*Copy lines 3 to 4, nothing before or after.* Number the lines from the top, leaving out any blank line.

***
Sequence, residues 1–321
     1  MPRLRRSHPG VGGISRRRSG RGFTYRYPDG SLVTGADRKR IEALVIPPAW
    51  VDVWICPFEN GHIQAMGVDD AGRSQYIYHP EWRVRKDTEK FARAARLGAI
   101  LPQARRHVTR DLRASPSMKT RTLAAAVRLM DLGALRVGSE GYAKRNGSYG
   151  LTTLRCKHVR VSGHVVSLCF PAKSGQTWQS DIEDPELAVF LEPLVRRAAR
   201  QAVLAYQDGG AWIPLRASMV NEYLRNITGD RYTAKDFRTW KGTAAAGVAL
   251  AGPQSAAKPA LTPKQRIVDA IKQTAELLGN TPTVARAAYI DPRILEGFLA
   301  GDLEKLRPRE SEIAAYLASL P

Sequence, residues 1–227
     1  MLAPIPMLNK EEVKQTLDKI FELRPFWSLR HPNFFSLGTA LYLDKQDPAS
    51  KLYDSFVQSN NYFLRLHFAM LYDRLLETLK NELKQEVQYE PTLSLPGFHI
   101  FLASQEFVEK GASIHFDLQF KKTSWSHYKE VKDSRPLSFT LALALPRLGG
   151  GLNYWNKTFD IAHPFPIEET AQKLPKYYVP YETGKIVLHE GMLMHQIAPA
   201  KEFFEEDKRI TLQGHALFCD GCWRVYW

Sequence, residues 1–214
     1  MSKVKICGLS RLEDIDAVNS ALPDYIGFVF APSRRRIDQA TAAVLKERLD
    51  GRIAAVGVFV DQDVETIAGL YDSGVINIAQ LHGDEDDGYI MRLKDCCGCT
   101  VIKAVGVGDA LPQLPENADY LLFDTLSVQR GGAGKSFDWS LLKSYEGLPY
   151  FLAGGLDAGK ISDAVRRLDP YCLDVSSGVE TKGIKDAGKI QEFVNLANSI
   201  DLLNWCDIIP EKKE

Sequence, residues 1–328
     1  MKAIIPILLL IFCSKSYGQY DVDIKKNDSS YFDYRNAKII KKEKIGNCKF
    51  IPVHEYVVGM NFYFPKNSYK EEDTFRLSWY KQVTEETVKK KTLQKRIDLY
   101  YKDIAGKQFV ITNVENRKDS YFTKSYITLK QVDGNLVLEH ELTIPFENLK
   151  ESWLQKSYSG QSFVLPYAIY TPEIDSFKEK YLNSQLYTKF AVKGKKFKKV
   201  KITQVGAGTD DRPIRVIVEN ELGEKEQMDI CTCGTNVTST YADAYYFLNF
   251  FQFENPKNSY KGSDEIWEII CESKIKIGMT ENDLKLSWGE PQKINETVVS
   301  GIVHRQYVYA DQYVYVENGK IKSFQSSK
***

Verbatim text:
    51  VDVWICPFEN GHIQAMGVDD AGRSQYIYHP EWRVRKDTEK FARAARLGAI
   101  LPQARRHVTR DLRASPSMKT RTLAAAVRLM DLGALRVGSE GYAKRNGSYG